dÃ©cor, to fast-food and casual dining restaurants like KFC, Pizza Hut, and Taco Bell.
If James’ name sounds familiar, there’s a good reason: He and his family have been in the food service business for four generations. Having cut his teeth at the family-owned C.H. James & Co., he went on to purchase and then sell pre-cut produce-processing plant North American Produce. From there, James launched ProduceOnline.com, which he sold for $20 million in 2000, several times the $3.3 million he raised to fund the venture.
But as James sees it, he’s no serial entrepreneur. “I have chosen to operate in a real marketplace, that is moving faster. It’s a very competitive marketplace, and I’ve had to be very nimble.” He says his strategy is to create a company that will develop economies of scale to meet the needs of companies in the food service industry. “Economies of scale are very important. Major chains can’t afford to have hundreds of little suppliers — they need key suppliers that can handle all aspects of that channel.”
James’ experience as a serial acquirer has helped him take the family business from operating in what was essentially a mom-and-pop marketplace to one that is attempting to stay competitive through acquisitions along the food service channel. “There are other things C.H. James & Co. is working on that will give us the opportunity to go down that channel, such as real estate and restaurant opportunities.”
One thing being a serial acquirer has taught James is the importance of timing, that is, capitalizing on opportunities the moment they become apparent. “Right now, it’s both the best of times and the worst of times for business,” he says. “In terms of capital, there has never been a better time to be a minority entrepreneur. The money is there.” And the food service industry is a “willing marketplace” for minority entrepreneurs. The challenge, he says, is getting into the deal-making community. His answer? Simple: timing, opportunity, and sweat equity.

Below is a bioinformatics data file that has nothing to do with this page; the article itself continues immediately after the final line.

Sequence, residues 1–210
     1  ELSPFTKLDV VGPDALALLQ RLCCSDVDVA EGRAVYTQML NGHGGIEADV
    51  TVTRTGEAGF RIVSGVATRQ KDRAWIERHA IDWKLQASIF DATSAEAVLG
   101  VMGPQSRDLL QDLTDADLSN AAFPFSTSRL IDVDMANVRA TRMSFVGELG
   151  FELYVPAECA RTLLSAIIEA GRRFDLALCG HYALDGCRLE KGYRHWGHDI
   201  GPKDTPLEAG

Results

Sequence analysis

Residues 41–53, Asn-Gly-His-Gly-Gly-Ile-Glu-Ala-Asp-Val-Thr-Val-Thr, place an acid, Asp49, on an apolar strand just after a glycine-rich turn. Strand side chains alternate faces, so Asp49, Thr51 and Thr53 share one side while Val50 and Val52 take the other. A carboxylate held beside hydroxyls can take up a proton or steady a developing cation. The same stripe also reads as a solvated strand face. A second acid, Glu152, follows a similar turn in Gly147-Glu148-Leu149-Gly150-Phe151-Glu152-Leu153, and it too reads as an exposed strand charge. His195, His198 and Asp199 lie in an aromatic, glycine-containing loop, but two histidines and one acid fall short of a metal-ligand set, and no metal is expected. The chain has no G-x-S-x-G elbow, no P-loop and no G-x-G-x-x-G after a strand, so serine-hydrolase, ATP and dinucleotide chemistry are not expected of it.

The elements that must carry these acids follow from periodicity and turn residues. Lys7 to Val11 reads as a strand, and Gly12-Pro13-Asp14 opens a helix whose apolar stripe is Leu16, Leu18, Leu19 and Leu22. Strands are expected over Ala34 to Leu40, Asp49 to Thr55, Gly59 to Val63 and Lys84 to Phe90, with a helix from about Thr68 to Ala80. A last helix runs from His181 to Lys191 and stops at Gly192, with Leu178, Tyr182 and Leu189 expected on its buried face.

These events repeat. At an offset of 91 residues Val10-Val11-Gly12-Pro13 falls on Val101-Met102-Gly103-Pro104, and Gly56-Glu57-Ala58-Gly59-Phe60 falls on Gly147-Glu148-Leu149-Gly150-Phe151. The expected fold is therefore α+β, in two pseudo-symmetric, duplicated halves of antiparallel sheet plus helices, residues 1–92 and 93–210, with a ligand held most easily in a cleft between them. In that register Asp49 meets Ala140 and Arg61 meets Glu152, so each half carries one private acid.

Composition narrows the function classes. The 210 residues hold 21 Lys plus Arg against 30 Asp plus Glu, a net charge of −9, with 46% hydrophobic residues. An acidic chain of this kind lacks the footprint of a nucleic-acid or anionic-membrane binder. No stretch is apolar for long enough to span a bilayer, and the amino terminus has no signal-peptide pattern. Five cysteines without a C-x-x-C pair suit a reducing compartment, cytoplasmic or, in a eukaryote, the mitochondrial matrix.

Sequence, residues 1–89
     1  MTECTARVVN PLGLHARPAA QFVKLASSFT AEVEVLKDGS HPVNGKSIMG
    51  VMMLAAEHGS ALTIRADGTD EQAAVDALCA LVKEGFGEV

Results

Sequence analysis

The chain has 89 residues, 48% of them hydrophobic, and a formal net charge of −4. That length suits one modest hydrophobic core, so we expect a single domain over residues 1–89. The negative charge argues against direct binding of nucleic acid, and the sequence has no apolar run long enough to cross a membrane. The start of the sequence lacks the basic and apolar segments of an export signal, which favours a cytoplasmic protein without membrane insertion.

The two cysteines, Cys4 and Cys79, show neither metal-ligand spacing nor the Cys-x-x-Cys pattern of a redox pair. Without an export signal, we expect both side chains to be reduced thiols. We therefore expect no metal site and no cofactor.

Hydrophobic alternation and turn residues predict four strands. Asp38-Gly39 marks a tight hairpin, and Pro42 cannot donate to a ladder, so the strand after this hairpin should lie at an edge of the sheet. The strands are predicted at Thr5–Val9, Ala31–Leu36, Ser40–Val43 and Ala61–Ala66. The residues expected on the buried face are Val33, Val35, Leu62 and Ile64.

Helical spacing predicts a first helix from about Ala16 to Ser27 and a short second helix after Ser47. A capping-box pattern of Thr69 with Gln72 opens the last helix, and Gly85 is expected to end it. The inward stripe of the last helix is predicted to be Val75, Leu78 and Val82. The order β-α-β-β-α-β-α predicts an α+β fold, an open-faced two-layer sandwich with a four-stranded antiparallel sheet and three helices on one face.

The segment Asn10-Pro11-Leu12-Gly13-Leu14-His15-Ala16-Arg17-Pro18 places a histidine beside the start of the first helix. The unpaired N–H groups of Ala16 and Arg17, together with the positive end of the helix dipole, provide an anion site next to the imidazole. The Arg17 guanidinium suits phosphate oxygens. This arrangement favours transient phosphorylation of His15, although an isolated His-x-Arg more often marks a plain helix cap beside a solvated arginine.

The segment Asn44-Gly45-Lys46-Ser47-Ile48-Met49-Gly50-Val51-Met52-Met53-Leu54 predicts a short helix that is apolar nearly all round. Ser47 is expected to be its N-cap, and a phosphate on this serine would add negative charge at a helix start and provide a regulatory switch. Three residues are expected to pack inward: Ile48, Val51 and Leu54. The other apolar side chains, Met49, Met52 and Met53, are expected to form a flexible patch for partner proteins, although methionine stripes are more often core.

Making the Top 100
The 14 companies that make up the 2003 freshman class had an even tougher act to follow than last year’s. Unemployment numbers are still high and the economy has yet to rebound. “Gulf War II,” initially expected to boost the economy, did not have the impact hoped for. But even in the midst of this lingering recession, businesses found a way to prosper. In fact, the climate of political unrest presented a couple of this year’s BE INDUSTRIAL/SERVICE 100 companies with some of the most lucrative business opportunities they’d seen in years. Meet the newcomers.
Act One Personnel Services No. 3
CEO Janice Bryant Howroyd’s 300-employee staffing and professional services firm in Torrance, California, ranks high on the list with $487.53 million in revenues.
MV Transportation Inc. No. 27
Providing fixed route and paratransit services to the government is how this $155.31 million Fairfield, California, company made the list.
PrimeSource Food Service Equipment No. 30
Former CEO Charles H. James III put his Midas touch on this distributor of restaurant equipment. He introduced the $139.9 million,